GAINESVILLE, Fla. --- Researchers at the University of Florida say they have shown that minerals were key to some of the initial processes that formed life on Earth. Specifically, a borax-containing mineral known as colemanite helps convert organic molecules found in interstellar dust clouds into a sugar, known as ribose, central to the genetic material called RNA. This announcement provides a key step toward solving the 3-billion-year-old mystery of how life on Earth began. The findings will appear in Friday's issue of the journal Science. Steven Benner, Alonso Ricardo, Matthew Carrigan and Alison Olcott built on a famous experiment done 50 years earlier by Stanley Miller that is found in many textbooks. In 1953, Miller showed that electric sparks in a primitive atmosphere made amino acids, the building blocks of proteins.
Miller's experiment failed to identify sugars that were needed for genetic material, however. "The sugar ribose can be formed from interstellar precursors under prebiotic conditions," said Benner, who led the research funded by NASA, the National Science Foundation and The Agouron Institute in Pasadena, Calif. "But ribose is too unstable to survive under Miller's conditions." Ribose, like most sugars, turns into tar if not handled carefully. "It is like baking a cake too long," said Benner, a UF distinguished professor of chemistry and anatomy and cell biology. In 1995, Miller gave up trying to make ribose prebiotically, writing: "The first genetic material could not have contained ribose or other sugars because of their instability."
Benner, who also is a member of NASA's Astrobiology Institute, did the first experiments as an instructor at an international geobiology course last summer funded by the Agouron Institute and held at the University of Southern California Wrigley Institute for Environmental Studies. "We asked two questions. First, what simple organic molecules might have been present on early Earth as starting materials to form ribose? Then, what might have been present on early Earth to capture ribose and keep it from burning up like overcooked cake?" Benner said.
To identify simple organic molecules that might be the starting materials, Benner turned to compounds known to exist in interstellar dust, such as formaldehyde, used to preserve tissue. "Formaldehyde may not seem to be a good starting point for the life that we know," he said. "But it is simple. With only one carbon atom, one oxygen atom and two hydrogen atoms, there is a lot of formaldehyde to work with in the cosmos."
Benner and his team showed that formaldehyde, with other interstellar compounds, could form ribose and other sugars when treated in the presence of base materials such as lime, a material used to adjust the pH level of lawns, among other things. Lime was effective, but the ribose decomposed soon after it was formed.
Recognizing that ribose had a particular chemical structure that allowed it to bind to minerals containing the element boron, they turned to another substance called colemanite. "Colemanite is a mineral containing borate found in Death Valley," he said. "Without it, ribose turns into a brown tar. With it, ribose and other sugars emerge as clean products." Benner then showed similar reactions with other borate minerals, including ulexite and kernite, which is more commonly known as borax.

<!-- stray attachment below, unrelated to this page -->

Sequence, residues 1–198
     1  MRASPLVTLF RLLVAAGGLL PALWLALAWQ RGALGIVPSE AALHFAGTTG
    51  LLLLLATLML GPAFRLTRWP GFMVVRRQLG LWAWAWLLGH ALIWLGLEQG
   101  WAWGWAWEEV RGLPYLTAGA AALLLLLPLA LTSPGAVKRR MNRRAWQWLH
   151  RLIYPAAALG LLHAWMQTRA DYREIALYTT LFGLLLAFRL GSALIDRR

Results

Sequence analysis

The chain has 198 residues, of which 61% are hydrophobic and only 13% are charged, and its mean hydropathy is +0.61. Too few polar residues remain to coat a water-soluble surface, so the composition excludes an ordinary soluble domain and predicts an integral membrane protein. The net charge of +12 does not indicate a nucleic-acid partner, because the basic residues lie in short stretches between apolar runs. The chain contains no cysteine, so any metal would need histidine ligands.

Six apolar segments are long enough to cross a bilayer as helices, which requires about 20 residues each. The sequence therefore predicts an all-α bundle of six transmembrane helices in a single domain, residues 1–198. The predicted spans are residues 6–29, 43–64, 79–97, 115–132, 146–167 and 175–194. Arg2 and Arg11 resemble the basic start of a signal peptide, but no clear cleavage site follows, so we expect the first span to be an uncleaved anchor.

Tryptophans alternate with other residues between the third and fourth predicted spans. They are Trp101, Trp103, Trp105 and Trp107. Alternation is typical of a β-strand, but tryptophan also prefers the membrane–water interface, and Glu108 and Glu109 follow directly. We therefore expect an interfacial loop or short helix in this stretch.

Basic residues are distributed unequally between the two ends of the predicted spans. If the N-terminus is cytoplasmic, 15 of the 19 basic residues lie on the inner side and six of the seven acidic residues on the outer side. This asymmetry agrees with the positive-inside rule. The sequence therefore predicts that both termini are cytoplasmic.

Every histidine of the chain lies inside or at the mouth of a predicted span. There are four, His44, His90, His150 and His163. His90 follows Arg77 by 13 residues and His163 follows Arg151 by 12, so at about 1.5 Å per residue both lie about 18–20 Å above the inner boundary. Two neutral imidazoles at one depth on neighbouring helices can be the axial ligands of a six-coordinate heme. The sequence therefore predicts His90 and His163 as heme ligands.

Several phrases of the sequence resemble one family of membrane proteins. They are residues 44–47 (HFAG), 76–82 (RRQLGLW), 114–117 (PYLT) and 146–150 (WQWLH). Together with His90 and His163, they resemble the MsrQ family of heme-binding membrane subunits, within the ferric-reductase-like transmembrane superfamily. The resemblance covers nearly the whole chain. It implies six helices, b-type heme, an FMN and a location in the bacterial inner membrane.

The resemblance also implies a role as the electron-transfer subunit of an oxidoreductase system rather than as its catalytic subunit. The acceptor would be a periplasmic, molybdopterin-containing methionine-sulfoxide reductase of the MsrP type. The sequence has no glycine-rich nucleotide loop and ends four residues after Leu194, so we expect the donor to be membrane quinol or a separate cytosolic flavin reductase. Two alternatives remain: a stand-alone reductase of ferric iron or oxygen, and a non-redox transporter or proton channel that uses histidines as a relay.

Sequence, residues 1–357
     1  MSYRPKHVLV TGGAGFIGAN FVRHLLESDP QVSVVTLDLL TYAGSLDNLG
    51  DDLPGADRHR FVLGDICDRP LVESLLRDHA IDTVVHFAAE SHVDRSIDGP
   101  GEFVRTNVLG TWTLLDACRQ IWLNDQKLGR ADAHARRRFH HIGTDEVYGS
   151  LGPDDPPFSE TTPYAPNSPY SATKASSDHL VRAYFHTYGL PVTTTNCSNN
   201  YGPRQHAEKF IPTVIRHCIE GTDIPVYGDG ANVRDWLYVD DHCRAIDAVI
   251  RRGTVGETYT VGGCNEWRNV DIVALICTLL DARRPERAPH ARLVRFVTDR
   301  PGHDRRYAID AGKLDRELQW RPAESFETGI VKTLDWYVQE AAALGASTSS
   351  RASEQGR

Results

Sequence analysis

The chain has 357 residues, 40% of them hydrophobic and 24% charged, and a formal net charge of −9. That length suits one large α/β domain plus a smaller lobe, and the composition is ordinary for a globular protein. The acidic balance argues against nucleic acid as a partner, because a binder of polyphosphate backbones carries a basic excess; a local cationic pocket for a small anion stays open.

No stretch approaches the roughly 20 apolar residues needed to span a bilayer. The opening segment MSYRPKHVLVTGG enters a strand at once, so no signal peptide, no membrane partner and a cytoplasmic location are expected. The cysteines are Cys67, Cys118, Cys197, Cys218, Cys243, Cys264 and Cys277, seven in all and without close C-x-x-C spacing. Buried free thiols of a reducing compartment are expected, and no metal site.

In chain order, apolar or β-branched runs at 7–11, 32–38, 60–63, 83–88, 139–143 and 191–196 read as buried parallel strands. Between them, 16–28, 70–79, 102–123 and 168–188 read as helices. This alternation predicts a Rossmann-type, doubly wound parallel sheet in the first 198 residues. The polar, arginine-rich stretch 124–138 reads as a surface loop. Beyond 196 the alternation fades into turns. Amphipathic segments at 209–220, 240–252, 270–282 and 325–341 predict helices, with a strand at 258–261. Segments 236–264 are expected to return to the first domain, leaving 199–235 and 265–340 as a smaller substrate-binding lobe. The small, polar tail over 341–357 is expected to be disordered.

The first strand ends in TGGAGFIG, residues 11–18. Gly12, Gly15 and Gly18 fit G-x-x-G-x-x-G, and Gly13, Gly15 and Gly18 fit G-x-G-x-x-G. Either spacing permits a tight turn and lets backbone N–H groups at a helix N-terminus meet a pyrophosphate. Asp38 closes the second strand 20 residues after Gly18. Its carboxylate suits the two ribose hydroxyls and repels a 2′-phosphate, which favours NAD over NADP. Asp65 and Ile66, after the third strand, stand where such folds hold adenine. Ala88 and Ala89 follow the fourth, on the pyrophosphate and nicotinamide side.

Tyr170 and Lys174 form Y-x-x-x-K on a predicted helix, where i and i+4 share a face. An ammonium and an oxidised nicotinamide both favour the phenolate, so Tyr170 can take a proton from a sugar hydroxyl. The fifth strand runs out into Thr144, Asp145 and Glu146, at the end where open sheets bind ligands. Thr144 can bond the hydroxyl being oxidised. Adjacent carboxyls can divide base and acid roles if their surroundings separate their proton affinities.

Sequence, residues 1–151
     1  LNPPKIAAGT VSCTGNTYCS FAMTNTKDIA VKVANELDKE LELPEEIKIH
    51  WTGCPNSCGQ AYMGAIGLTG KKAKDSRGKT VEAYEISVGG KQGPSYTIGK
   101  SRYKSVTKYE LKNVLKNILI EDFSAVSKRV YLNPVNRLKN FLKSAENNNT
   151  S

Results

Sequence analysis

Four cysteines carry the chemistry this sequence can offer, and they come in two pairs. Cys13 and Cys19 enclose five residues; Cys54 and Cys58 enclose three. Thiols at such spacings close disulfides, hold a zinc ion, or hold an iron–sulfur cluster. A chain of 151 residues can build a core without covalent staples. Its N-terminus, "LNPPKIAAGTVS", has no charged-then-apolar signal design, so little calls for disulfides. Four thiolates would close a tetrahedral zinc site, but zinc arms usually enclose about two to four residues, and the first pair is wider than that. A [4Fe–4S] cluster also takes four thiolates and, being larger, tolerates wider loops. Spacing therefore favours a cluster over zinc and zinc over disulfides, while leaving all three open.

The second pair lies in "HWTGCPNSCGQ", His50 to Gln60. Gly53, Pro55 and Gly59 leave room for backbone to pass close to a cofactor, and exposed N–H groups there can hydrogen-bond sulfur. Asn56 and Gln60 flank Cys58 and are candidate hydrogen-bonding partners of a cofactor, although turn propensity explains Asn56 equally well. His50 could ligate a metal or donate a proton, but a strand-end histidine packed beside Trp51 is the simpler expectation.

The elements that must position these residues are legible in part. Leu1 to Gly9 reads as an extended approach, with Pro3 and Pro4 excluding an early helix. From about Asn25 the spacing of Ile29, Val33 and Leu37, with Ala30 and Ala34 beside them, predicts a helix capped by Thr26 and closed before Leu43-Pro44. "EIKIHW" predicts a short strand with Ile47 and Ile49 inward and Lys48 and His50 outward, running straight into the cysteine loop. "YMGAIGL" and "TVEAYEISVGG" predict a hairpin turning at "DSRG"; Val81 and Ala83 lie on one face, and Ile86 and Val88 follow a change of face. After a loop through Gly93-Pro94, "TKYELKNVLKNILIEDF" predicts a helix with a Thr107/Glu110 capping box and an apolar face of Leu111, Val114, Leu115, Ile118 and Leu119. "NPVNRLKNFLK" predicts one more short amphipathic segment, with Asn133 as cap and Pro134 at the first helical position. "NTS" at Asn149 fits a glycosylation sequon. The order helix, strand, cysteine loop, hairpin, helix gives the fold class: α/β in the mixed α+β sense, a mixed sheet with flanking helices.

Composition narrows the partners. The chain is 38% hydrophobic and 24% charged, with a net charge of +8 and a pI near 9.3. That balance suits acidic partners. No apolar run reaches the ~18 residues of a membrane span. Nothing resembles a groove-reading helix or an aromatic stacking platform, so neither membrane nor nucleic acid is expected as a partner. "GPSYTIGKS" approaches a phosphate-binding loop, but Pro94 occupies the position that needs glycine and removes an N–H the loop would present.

Benner and his team are the first researchers to succeed in making significant amounts of ribose under these early conditions.
Joseph Piccirilli, a biological chemist at the Howard Hughes Medical Institute and the University of Chicago, said Benner's work "has simplicity and brilliance."
"Organic chemists have long known that borate complexes with compounds like ribose," Piccirilli said, "and prebiotic scientists have long believed that minerals on the early Earth played an important role in the origin of life." Until now, "no one has put the two ideas together," he said.
"We are not claiming that this is how life started," Benner stressed. "We are saying that we have demonstrated a recipe to make a key part of life without any biochemical machinery. The more recipes of this type that can be found, the more clues we have about how life could have actually gotten started on the primitive Earth."
While best classified as basic science, the work has practical biological and medical value. "Curiously, thinking about how life originated and what form it might take on other planets helps us design new tools for disease diagnostics and therapy," Benner said. Diagnostic tools enabled by Benner's work seeking alternative life forms are used today in the clinic to monitor the load of the viruses that cause AIDS and hepatitis C.
The work also complements other research Benner is conducting that focuses on ancient forms of life on Earth. In a September report in Nature, Benner and his collaborators deduced the structure of a protein found in a bacterium that lived several billion years ago and resurrected the ancient protein. By studying it in the laboratory, the group inferred the ancient bacteria lived in a hot spring at about 150 degrees Fahrenheit.
With the prebiotic experiments, Benner said, "we are working forward in time, from the origin of the planet to the first life. With experiments with ancient proteins, we work backwards in time, from the modern world to the most primitive of bacteria." The group's goal, he said, is to have the two meet in the middle.
The above post is reprinted from materials provided by University Of Florida. Note: Materials may be edited for content and length.
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